Neuro-GD study – Comparing genetic neurodevelopmental conditions


The aim of this study is to understand how similar fragile X syndrome and SYNGAP1 related intellectual disabilities are.


Conducting clinical trials is essential to identify new therapies. Even though we can conduct clinical trials for several single gene neurodevelopmental disorders (disorders linked to changes in only one gene), one major issue is that each condition is relatively rare. This means that the development of therapies, treatments, or specific support for each disorder is unlikely. Yet, taken together these single gene neurodevelopmental conditions are not rare. If we could create groups of single gene disorders that are likely to respond to the same drug, developing new treatments and therapies would become more feasible, and more robust trials could be conducted.


Why are we doing this study?

This project focuses on two single gene neurodevelopmental disorders: Fragile X syndrome (caused by mutations in the FMR1 gene) and SYNGAP1-related intellectual disability (caused by mutations in the SYNGAP1 gene). We want to describe how genetic changes shape people with neurodevelopmental conditions, especially regarding their clinical, behavioural, cognitive, and neurological characteristics. Our hope is that this will: 

1) help us better understand people with neurodevelopmental conditions and genetic changes 

2) improve our chances of developing new therapies

3) make it easier to do clinical trials to test new therapies


What are we doing?

We are measuring and comparing the clinical profiles and mental abilities of a large group of people with fragile x syndrome or SYNGAP1 related intellectual disability (ID), aged 3 to 65.


What is happening at the moment?

The study has completed recruitment and data analysis is ongoing

What does the study involve?

The research involves meeting with us to do some or all of the following, depending on what can be managed:

  • Several questionnaires about the participant’s health and behaviour
  • A clinical interview
  • Several puzzles that test memory, concentration, and other aspects of cognition
  • An eye-tracking game measuring the participant’s spontaneous cognitive abilities. This will involve them sitting in front of a laptop and watching images on the screen
  • An EEG recording to investigate how the brain activates during specific tasks. This will involve the participant wearing a cap of electrodes whilst they either listen to repeated sounds or sit quietly
  • A neuropsychological assessment on a touchscreen.

Click here to see a video explaining the different tasks

Find out more about what to expect when taking part in our studies by visiting the “What to expect” pages.

Participants do not have to be able to do all of these to take part – any information we can gather is helpful. These tests would normally be done at our research centre in Edinburgh, so ideally, we are looking for participants able to come to Edinburgh in order to complete these assessments. We are aware that this might not be possible for everyone so we may at a later date look at doing these assessments elsewhere in the UK. For participants who do decide to come to Edinburgh we do reimburse travel and accommodation costs.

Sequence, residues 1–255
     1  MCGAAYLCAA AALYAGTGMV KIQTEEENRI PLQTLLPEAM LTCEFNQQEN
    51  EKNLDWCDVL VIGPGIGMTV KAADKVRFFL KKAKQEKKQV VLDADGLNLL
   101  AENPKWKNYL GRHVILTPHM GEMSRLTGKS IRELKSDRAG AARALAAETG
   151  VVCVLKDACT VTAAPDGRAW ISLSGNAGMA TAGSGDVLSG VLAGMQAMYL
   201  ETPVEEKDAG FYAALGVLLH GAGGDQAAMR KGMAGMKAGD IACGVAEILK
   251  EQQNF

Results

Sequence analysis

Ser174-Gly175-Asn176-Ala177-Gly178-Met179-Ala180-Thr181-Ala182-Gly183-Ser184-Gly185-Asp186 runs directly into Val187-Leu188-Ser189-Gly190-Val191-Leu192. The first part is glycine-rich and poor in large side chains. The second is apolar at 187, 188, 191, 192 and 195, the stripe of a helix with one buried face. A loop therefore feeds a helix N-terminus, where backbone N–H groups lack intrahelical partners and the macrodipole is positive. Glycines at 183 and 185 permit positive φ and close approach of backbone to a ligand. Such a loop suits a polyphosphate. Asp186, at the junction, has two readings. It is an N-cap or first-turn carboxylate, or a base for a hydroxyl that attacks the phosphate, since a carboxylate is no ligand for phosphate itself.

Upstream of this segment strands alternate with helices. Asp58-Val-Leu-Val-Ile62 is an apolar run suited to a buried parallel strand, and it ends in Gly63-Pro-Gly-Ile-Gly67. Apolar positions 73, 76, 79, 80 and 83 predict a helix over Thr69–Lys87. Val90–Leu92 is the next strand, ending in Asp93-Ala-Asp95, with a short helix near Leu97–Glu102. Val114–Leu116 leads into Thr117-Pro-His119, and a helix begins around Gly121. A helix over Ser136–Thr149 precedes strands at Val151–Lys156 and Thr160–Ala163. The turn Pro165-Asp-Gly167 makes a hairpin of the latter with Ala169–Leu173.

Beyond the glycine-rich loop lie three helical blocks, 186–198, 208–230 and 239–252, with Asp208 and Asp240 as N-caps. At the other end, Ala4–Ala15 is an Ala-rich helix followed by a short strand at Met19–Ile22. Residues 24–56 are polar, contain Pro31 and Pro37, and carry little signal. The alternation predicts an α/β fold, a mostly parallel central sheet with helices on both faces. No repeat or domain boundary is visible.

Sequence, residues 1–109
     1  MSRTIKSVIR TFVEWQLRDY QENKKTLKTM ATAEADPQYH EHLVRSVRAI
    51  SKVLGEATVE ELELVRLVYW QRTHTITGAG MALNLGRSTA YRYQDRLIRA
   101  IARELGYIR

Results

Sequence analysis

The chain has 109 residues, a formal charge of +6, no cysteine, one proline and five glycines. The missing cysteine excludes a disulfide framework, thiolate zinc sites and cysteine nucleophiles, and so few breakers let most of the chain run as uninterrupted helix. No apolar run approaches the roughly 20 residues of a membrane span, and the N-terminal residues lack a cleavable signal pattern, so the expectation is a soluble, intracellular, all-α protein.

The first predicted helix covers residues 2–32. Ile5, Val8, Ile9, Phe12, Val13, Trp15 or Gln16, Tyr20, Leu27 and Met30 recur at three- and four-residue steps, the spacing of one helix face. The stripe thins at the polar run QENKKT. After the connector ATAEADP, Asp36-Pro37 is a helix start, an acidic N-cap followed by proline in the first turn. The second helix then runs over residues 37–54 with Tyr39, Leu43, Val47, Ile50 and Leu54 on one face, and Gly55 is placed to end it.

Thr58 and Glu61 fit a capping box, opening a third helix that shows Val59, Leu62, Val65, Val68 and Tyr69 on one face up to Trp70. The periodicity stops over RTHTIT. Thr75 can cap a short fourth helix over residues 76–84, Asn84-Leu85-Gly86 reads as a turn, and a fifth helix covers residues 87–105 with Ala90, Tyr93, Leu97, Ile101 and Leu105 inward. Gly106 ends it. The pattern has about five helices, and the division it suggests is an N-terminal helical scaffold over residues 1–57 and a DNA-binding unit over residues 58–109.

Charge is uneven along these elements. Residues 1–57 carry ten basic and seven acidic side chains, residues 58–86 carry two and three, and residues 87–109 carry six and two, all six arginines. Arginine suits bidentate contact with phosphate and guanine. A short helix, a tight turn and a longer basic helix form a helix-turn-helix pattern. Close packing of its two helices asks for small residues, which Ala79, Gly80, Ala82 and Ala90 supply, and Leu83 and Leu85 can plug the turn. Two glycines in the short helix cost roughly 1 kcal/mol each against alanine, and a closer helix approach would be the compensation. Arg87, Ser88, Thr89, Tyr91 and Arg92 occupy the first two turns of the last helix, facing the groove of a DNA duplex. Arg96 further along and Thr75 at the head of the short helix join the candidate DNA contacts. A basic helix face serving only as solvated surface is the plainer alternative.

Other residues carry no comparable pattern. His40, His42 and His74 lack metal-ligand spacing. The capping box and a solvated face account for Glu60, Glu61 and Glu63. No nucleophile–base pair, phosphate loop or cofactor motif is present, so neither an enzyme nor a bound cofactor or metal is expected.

We offer participants who have a neurodevelopmental condition the possibility to receive a personalised feedback report from some of the test results, which may be helpful when planning and organising care.


Where can I get more information?

If you are interested in taking part or would like more information please contact either Damien ([email protected]) or Aisling ([email protected]). You can find here the recruitment flyer for the study. Read more about the project on the recruitment page here.


What will the results tell us?

The results will help us better understand the similarities and differences between fragile x syndrome and SYNGAP1 related ID.  This will raise the possibility of these disorders being more attractive for the development of novel treatments and therapies.



You can find here a poster giving an overview of the project. This poster was presented at the 2019 SIDB (Simons Institute for the Developing Brain) Retreat.


Who is conducting and funding the project?

This study is conducted by Anderw Stanfield (principal investigator), Damien Wright (post doc research fellow) and Aisling Kenny (research assistant).

If you are interested in taking part or would like more information please contact either Damien ([email protected]) or Aisling ([email protected]). Damien and Ailsing are also the people who meet the participants during the appointments.

The project is funded by Simons Foundation for Autism Research (The Simons Institute for the Developing Brain), the Patrick Wild Centre and the Wellcome Trust (Institutional Strategic Support Fund).